I have my fingers crossed for good weather this weekend.  You see, I’d really like to get out into the garden with my daughter and start growing some vegetables with her.  It’s never too early to start showing children where the food we eat comes from.  I’m also desperately hoping that growing her own vegetables will help stave off that common toddler hatred of anything vegetable-based!

I’ve put a lot of prepping into creating a kid-friendly garden, so here are my top tips when it comes to gardening with children.

What Can I Grow In A Garden For Kids?

Image of kids gardening with blue text box that says gardening basics for kids to encourage green fingers.

If you’re as keen as I am to get out in your garden and do some gardening, then first things first, you might be wondering what the best fruit and vegetables are to grow with kids? The good news is that there are lots of things to grow with kids.

Fruit and vegetables-wise, it’s best to grow produce that is both easy to sow and grow, and that will grow quickly once you’ve planted the seeds. You really do need to see shoots quickly to keep their interest!

My favourite vegetables to grow with kids are fast-sprouting veggies like lettuce, radishes, carrots, and peas, which are easy and fun to grow.

Other things to consider are:

  • what fruit and vegetables will they realistically eat. Courgettes are quick and easy to grow, but will your kid even entertain the idea of eating a courgette?
  • fruit and vegetables that you can eat directly after picking are good choices. A lot of fun in growing your own is the picking and the eating. Having to cook something before eating it can take away some of the joy of growing for kids. Peas and strawberries are always a treat to grow, and fun to pick. And they’re even more fun to eat straight from the plant on a warm summer day!
  • are there things that you grow in your garden that will give you a continual crop for minimum effort and maximum reward? Soft fruits, like strawberries, raspberries, blackberries, etc, will all continue to fruit throughout their growing season. This means your kid can go out into the garden and pick fruit on a regular basis.g
  • If you’ve got a small garden or if you rent, then consider what can easily be grown in containers. Potatoes are easy to grow in containers, and it’s always great fun harvesting your potatoes as it’s quite a muddy job!

What About Flowers When Gardening With Kids?

Of course, you don’t just have to grow fruit and vegetables. Flowers-wise, sweet peas and sunflowers and fun and fast to grow. You can even have a sunflower growing competition.

Use wooden lolly sticks to write each kid’s name on them. After you’ve planted the sunflower seeds, pop the sticks in the ground so they know which sunflower belongs to which person. Then have a competition to see who can grow the tallest. I would grow your sunflowers near a fence or wall for a bit of support, but if that’s not possible you may need some canes to help support them as they grow taller and taller.

Butterfly and bee-friendly plants are also fun to plant and grow when gardening with kids. Especially as kids get the thrill of spotting visitors to their garden.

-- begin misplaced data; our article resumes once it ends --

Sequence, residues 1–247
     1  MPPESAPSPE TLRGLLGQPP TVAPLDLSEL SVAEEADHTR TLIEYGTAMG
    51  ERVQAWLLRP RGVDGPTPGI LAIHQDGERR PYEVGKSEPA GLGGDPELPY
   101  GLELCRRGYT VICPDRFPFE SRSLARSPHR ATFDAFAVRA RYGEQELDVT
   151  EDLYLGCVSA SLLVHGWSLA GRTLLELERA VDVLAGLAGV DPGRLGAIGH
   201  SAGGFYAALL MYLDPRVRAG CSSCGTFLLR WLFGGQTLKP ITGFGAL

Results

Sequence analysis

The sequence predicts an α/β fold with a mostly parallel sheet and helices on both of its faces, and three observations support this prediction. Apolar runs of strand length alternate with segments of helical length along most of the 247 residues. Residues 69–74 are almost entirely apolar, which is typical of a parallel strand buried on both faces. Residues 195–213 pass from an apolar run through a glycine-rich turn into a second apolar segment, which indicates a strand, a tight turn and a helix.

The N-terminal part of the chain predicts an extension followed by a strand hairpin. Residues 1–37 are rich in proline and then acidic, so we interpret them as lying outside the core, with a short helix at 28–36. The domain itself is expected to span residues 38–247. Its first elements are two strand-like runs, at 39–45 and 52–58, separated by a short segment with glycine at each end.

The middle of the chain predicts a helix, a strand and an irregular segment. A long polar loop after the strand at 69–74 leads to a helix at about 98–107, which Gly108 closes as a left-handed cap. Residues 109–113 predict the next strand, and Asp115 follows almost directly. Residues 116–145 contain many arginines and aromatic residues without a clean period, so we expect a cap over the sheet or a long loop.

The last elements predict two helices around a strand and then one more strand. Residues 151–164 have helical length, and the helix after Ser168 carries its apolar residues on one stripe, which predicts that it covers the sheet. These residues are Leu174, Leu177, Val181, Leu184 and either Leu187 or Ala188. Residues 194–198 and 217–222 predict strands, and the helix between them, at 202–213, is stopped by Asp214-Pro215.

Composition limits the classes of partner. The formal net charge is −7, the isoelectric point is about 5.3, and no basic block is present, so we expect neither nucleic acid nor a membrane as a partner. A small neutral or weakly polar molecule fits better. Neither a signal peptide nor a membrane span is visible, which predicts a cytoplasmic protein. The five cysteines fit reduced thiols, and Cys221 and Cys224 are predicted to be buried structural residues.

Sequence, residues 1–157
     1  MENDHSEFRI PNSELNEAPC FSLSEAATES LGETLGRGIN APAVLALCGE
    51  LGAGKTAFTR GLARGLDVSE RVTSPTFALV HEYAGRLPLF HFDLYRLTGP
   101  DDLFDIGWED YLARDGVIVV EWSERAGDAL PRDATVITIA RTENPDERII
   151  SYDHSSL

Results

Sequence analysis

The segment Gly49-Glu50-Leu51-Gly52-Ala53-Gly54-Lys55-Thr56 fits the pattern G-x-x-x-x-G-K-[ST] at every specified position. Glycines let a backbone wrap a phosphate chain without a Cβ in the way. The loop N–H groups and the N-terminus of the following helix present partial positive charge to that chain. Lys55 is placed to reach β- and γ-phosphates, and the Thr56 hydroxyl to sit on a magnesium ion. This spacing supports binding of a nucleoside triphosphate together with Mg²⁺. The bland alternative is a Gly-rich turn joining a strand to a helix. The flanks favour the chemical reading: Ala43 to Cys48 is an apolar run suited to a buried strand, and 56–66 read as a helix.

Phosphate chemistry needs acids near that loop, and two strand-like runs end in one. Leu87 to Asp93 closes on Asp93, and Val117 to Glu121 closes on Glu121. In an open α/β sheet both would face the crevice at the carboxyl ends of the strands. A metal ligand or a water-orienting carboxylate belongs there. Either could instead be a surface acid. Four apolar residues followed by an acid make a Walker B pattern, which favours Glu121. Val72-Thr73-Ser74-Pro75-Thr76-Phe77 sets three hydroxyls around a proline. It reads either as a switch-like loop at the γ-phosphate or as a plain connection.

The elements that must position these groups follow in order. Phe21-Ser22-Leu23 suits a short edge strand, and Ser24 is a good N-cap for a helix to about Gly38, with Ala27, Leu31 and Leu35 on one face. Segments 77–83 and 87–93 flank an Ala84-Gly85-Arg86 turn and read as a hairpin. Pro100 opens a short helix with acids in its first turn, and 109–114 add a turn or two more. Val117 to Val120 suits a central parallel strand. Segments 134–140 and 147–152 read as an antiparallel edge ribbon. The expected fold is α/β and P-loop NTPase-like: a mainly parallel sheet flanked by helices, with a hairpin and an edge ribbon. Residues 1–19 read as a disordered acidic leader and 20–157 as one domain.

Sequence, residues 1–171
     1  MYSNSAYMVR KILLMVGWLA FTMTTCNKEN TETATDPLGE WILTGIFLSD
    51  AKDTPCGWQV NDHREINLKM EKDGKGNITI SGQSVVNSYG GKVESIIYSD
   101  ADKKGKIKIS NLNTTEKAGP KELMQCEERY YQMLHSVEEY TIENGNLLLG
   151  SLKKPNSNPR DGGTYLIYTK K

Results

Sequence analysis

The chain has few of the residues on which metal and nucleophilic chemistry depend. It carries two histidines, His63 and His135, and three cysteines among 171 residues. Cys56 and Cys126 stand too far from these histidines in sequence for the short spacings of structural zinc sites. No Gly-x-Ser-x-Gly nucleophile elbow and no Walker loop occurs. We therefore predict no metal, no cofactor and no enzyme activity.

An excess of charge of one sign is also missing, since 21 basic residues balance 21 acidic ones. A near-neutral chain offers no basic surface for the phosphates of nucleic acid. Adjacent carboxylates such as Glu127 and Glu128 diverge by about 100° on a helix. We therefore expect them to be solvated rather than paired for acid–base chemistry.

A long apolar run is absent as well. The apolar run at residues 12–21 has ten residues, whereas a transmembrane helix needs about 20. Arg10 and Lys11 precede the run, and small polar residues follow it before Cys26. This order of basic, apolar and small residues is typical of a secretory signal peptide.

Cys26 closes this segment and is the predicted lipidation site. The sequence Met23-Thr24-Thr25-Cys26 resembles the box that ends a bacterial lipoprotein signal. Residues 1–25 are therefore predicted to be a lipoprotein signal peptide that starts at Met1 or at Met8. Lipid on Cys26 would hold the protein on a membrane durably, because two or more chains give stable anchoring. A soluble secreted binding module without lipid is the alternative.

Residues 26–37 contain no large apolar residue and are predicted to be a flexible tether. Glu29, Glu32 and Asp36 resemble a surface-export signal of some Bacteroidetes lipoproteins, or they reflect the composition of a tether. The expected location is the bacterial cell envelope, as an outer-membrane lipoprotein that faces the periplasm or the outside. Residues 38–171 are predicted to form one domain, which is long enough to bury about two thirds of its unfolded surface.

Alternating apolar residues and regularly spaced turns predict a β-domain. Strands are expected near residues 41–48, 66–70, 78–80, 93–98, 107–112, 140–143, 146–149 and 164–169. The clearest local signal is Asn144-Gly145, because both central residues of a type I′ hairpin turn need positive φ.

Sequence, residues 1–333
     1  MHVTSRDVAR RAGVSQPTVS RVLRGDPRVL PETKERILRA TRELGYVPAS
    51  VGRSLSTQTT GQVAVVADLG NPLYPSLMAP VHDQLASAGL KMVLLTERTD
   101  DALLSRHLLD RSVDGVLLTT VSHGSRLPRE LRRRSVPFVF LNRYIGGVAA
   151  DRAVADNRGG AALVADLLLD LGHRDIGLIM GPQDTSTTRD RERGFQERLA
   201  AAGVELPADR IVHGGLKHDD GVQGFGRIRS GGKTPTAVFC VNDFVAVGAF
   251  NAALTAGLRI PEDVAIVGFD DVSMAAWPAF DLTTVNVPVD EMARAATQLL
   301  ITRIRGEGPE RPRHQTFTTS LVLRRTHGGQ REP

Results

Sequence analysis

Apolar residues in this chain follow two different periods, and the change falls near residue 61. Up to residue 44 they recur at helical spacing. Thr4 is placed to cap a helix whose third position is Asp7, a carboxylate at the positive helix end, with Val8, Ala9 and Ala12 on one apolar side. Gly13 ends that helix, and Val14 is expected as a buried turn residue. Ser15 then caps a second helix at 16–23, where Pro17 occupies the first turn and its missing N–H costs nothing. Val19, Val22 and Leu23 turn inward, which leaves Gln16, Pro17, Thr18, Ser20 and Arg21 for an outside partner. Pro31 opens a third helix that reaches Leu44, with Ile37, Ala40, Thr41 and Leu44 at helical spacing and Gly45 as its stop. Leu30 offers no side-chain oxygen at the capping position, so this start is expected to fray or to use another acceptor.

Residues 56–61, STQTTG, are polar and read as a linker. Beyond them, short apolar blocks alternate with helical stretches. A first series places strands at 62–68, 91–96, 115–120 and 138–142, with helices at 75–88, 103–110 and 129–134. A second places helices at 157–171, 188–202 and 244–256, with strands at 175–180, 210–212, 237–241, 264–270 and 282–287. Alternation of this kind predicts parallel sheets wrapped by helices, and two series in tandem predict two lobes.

I have some raised beds to make planting easy for my little ‘un. However, you could also use tubs or trugs, or even just dedicate a small area of your garden for planting.

Useful Tools When Gardening With Kids

Although you don’t need any fancy gear to get out into the garden with your kids (in fact, the older the clothes the better!), there are a few useful tools that make gardening with kids a little easier.  

Here are a few things I have my eye on that would be great for gardening with kids:

From clockwise:

gardening with kids equipment

Kids Metal Watering Can* (£9.89) – from eBay. I haven’t met a kid yet that doesn’t love watering plants.  Invest in a mini watering can for little ones and make a certain area of the garden their patch for keeping well watered. This metal watering can is recyclable with metal waste at the end of its life, meaning it won’t go to landfill, like plastic watering cans which are non-recyclable.

Bug Hotel* (£18.99) – from Not On The High Street. A bug hotel attracts bees, ladybirds, lacewings, and other minibeasts to your garden. This helps to naturally eradicate any hungry aphids that might want to eat your precious vegetables, and will also pollinate your vegetables too.  Children will adore looking for ladybirds and other minibeasts.  And a top tip. You don’t need to buy a bug hotel. Instead, you can also create your own bug hotel by leaving an area of the garden wild and unweeded, with logs and stones piled up.

Kids hand tools* (£16.95)  – from Not On The High Street. Investing in a set of kid’s hand tools makes gardening easier to manage for small hands. These ones are made from FSC approved wood and metal.

Kids Gardening Gloves* (£3.39) – from eBay. These will help protect little hands from thorns and other garden nasties, as well as helping to make clean-up time a little easier!

What If You Don’t Have A Garden?

Even if you don’t have a garden, there are plenty of things you can grow in window boxes and on your windowsill.  

Fresh herbs are quick, simple, and cheap to grow. This is a useful resource for growing herbs with kids.  

Chilli plants work well indoors, as do avocados (which are a lot of fun to watch growing). And there are always old favourites like cress and mustard, which are fun to grow in eggshells. These only take a few days to grow and can be eaten in sandwiches or in salads.  

I also heartily recommend growing snow pea shoots. They’re lots of fun to grow and grow really quickly.

Another fun thing to grow with kids is vegetables from food scraps food. Certain vegetables like lettuce, cabbage, onions, and garlic will regrow from the bits that you would normally throw away. It will blow your kid’s mind!

If you have any advice on gardening with kids or other suggestions of what to grow then do let me know in the comment below!